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dc.contributor.advisorChairperson, Graduate Committee: Susan Luparellen
dc.contributor.authorElverum, McCall Leighen
dc.description.abstractStatement of the problem. Palliative care is a fast growing, yet underutilized specialty that focuses on patient-perceived needs and goals of care. As the US population becomes older and sicker, the need for palliative care services will only grow. There are a variety of known benefits to early palliative care intervention. Unfortunately, barriers to palliative care referral widely described in the literature are reflected at the local organization. Methods. This project took place at a healthcare organization in Montana. Two primary care teams incorporated a palliative care screening tool into daily huddles for all adult patients with elevated risk scores, according to an internal risk-stratification tool. Using a data collection tool, the care teams recorded screening data including the patient's age, risk score, payer, screening result, whether the patient was referred to palliative care, and the credentials of the screener. A post-intervention verbal debriefing was used to understand the perspectives of the participating care team members and the impact of the screening process at the conclusion of the project. Results. During the six-week data collection period there were 188 high-risk patient encounters. Screening was completed on high-risk patients 43% (n=21) of the time in the first data collection cycle, 63.5% (n=47) of the time in the second data collection cycle, and 82% (n=38) of the time in the final data collection cycle. There were 22 patients with positive screening results, indicating unmet palliative care need. Ultimately, 9 patients were referred to palliative care. Discussion. Though the pilot implementation of the palliative care screening tool did not meet the pre-determined goals, several valuable insights were gained from the project. Barriers to incorporating the screening process included integrating a paper-based process into a primarily digital practice, staffing and other impacts of COVID-19, changes to established workflows and unforeseen procedural issues. The screening tool was found to be acceptable by the project development team and screening for palliative care need was deemed valuable by the care teams. Adjustments for future iterations of this screening protocol were recommended.en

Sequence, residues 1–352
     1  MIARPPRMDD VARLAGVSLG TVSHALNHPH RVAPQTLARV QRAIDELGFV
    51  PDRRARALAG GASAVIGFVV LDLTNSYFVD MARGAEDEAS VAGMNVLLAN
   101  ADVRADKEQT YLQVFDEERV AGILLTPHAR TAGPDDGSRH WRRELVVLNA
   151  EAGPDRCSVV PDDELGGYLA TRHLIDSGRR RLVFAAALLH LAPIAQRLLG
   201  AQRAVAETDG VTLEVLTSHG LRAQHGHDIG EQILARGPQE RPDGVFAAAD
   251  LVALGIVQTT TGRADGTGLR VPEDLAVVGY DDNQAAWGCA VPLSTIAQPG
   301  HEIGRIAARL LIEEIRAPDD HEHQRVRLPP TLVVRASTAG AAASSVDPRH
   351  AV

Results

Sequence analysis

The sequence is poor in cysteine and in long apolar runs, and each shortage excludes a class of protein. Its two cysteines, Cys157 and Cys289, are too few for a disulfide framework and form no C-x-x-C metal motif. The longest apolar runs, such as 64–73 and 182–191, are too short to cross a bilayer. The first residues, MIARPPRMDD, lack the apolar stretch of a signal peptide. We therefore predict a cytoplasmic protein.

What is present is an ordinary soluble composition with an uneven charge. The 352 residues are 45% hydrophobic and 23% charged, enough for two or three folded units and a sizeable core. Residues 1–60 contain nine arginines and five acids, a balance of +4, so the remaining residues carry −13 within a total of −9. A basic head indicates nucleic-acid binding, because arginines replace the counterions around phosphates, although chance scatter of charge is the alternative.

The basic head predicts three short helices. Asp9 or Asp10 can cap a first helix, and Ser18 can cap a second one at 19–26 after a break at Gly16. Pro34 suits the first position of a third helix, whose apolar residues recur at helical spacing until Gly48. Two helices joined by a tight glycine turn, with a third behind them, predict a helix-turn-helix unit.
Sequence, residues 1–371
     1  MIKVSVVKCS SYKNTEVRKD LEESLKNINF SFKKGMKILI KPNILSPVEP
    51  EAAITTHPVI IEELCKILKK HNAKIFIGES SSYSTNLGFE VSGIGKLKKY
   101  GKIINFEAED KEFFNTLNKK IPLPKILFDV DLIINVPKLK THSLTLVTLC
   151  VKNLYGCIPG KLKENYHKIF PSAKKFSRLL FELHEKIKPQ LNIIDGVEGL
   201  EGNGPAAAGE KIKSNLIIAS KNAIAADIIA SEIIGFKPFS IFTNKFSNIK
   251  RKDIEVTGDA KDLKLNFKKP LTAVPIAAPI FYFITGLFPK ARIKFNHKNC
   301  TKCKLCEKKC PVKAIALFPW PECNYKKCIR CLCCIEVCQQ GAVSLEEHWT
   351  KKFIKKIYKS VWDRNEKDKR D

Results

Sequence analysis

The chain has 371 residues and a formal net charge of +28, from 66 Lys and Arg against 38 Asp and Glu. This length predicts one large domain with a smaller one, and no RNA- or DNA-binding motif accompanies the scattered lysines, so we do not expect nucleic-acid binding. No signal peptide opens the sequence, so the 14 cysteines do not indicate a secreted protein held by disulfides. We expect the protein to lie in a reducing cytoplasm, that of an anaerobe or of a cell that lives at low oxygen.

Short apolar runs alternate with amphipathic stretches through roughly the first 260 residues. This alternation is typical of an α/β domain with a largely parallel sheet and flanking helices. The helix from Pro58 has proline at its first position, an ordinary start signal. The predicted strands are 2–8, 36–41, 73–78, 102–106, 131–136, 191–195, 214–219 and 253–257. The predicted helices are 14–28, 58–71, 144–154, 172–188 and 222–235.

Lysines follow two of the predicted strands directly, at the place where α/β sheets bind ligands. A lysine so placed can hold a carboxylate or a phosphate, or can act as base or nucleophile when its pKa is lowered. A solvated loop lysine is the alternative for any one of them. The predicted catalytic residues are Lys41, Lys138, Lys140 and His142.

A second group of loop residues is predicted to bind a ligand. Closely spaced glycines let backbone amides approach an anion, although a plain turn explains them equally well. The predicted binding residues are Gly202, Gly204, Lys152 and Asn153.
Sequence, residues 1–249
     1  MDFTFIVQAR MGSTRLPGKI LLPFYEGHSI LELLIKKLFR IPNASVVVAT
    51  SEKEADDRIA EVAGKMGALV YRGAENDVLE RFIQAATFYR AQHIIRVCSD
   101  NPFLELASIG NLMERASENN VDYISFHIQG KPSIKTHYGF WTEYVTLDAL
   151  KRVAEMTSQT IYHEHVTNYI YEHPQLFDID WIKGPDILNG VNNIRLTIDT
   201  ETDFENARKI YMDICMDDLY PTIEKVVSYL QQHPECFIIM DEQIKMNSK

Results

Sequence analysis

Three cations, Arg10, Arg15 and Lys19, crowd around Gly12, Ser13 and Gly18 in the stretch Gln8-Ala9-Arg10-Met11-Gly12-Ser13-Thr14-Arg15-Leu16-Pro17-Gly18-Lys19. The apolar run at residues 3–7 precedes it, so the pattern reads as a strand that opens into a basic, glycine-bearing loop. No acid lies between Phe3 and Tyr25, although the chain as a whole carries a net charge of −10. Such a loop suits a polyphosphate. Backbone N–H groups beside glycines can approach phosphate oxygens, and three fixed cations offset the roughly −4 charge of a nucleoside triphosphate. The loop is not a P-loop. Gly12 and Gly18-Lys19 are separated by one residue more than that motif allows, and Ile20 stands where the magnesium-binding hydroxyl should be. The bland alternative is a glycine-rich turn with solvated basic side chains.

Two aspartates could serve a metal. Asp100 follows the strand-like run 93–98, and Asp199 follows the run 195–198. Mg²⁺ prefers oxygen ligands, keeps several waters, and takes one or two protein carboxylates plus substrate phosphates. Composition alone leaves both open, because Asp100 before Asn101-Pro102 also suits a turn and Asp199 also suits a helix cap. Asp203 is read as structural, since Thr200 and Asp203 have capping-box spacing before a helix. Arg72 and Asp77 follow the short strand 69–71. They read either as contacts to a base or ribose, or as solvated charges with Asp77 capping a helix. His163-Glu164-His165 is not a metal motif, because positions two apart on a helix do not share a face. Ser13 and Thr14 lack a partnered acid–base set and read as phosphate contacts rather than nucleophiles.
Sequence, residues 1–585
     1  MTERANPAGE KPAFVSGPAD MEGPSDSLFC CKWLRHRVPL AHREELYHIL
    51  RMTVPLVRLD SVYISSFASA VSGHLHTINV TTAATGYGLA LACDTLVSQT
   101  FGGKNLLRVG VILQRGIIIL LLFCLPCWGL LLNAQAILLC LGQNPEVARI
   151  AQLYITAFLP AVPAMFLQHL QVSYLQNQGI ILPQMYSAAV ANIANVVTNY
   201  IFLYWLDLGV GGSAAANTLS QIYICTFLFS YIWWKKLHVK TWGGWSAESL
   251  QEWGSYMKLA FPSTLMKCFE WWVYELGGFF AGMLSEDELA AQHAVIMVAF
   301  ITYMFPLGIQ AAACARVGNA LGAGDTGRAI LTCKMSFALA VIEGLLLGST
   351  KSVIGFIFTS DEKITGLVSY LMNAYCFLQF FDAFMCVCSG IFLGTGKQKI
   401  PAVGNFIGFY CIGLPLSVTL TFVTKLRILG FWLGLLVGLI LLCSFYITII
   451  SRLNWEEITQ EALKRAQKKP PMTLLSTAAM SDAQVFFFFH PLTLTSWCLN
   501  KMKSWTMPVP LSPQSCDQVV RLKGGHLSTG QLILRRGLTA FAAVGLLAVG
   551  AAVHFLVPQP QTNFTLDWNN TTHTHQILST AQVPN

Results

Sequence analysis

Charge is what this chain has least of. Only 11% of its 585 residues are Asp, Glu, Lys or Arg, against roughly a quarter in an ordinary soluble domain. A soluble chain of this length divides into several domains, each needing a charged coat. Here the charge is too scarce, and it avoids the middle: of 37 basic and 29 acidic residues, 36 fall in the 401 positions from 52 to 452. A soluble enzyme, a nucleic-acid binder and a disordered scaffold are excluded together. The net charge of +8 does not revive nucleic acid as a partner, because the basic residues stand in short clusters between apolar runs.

dc.publisherMontana State University - Bozeman, College of Nursingen
dc.subject.lcshPalliative treatmenten
dc.subject.lcshMedical screeningen
dc.subject.lcshPrimary care (Medicine)en
dc.titleScreening for palliative care needs in primary careen
dc.rights.holderCopyright 2022 by McCall Leigh Elverumen, Graduate Committee: Christina Borsten of Nursing Practice (DNP)en

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